It is essential that the health care system be transformed to put the needs of patients and their families ahead of those of providers, the new president of the Canadian Medical Association says.
“I have seen our health care system through the lens of a patient’s family and experienced both the best and worst of family-centred care,” Anna Reid said in an emotional inaugural address.
She related deeply personal stories about the care of her elderly parents, beginning with her father’s hospitalization in Ontario when “my family experienced the antithesis of patient-centred care.” Dr. Reid’s father, Ian, who has Alzheimer’s disease, fell and broke his hip. During his long hospital stay, she was at his bedside daily but was able to speak to a physician only twice, and could not even relay his end-of-life care directives.
In that same time period, Dr. Reid’s mother, Barbara, was diagnosed with leukemia, contracted pneumonia and died.
“Her care was exemplary. … Her precious last days were spent with her loved ones at her side, and our burden of grief was lightened immeasurably not just by the care and compassion of the hospital staff, but also by their capacity to communicate,” Dr. Reid told a hushed room of CMA delegates, who are gathered this week in Yellowknife.
The most astounding aspect of those vastly different experiences – one provider-centred and the other patient-centred – is that they occurred in the same Toronto hospital, two floors apart.
Dr. Reid said that the health-care system has become so big and complex that “we sometimes stray from what it is to be a healer.”
The health-care system has traditionally focused on treating acute illnesses and being risk adverse, Sholom Glouberman, president of the Patients’ Association of Canada and philosopher in residence at Baycrest Centre for Geriatric Care, said in an interview on Wednesday. But he added that with a rise in chronic conditions, there’s a need to allow patients to participate in their care more.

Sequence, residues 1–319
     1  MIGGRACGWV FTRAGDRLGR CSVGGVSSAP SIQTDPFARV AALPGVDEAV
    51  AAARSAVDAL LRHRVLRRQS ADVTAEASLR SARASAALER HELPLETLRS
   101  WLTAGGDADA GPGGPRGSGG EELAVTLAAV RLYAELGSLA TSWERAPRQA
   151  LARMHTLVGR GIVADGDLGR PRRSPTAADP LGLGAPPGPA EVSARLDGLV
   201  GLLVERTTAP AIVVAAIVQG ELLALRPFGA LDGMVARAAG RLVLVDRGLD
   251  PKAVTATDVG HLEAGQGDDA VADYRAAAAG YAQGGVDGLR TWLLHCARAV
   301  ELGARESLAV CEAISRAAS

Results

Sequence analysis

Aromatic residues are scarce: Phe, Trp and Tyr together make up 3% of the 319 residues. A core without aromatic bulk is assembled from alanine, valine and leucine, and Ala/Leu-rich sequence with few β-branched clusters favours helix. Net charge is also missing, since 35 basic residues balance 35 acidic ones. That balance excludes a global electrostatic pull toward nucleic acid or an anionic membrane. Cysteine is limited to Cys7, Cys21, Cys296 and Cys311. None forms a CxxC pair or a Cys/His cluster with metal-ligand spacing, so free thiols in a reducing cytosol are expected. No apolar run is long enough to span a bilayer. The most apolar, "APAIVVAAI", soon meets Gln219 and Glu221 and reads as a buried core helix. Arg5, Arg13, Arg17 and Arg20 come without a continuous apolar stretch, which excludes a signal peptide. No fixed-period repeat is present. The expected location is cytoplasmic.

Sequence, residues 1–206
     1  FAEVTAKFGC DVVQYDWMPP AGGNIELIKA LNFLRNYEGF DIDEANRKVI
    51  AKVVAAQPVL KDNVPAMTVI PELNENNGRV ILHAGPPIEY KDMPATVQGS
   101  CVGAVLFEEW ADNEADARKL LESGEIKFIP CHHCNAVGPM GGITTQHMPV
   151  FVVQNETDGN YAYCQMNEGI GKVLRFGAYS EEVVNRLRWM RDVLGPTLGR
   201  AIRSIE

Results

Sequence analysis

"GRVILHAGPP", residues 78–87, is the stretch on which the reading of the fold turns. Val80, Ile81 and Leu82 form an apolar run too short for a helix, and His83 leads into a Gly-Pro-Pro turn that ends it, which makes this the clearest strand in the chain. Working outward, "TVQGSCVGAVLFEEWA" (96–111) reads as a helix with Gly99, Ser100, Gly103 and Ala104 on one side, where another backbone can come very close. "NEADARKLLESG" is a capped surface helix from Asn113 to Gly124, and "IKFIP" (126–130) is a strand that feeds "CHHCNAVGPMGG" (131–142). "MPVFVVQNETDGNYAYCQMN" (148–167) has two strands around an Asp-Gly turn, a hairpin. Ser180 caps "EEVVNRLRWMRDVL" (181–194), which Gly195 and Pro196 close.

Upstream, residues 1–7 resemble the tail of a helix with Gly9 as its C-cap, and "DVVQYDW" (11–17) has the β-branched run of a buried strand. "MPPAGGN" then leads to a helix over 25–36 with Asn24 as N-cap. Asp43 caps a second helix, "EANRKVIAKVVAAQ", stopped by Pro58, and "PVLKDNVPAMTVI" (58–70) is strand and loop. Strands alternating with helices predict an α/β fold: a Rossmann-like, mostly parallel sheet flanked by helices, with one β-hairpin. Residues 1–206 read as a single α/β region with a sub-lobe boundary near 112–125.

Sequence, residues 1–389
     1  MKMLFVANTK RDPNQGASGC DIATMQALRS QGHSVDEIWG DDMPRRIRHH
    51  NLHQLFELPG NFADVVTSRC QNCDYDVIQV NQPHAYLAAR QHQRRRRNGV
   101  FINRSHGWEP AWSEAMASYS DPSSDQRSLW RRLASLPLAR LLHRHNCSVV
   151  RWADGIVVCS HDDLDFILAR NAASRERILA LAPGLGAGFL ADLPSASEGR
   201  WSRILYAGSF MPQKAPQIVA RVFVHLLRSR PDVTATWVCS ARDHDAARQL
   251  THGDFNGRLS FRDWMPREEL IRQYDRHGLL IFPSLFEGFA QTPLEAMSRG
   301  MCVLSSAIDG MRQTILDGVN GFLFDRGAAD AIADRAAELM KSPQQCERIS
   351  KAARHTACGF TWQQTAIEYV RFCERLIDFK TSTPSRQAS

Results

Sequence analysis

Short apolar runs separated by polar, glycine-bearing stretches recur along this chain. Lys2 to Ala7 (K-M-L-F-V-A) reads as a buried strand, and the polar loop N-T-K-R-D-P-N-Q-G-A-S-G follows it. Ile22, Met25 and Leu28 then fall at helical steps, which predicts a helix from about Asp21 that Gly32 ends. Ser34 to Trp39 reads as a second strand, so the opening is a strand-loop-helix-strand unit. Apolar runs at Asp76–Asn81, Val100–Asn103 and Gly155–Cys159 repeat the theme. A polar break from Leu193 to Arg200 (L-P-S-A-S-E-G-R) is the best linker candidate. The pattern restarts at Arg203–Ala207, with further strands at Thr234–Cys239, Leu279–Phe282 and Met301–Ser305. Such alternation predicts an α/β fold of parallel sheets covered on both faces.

“If you’re going to improve the patient experience, you have to look at things from the patient’s point of view,” Dr. Glouberman said. “Very often things aren’t thought about from the patient’s perspective.”
It comes down to some basic changes, he said, like emergency room patients being told why they have to wait, patients being able to correct errors in their records, and continuous care for chronic conditions that involves a physician who knows the patient.
There’s been an “enormous shift” in the past few years, in terms of discussing and moving towards involving patients in their care, he said. “At the same time, the patient voice and the patient experience and the patient perspective has been so far from people’s minds for such a long time that it will take time for things to change,” he said.
Dr. Reid acknowledged that physicians face big challenges, including crushing workloads, scarce resources and loss of autonomy, but they cannot allow themselves to lose their identity as physicians and their primordial duty to patients.
“Patient-centred culture does not cost a penny more,” Dr. Reid said.
The new CMA president, who works as as emergency physician at Stanton Territorial Hospital in Yellowknife, also addressed health care for native people. “I witness every day how far behind our country lags when it comes to the health and health care of aboriginal peoples,” she said.
As a result, she wants to make tackling inequalities the focus of her term. Dr. Reid said physicians, and Canadians more generally, “must speak out against the persistent and pernicious inequities.”
Dr. Reid said Canada’s doctors must lead by example in another important way, by taking care of their own health.
“We need to make the health of physicians and their families a priority,” she said, praising the creation of the New Canadian Physician Health Institute.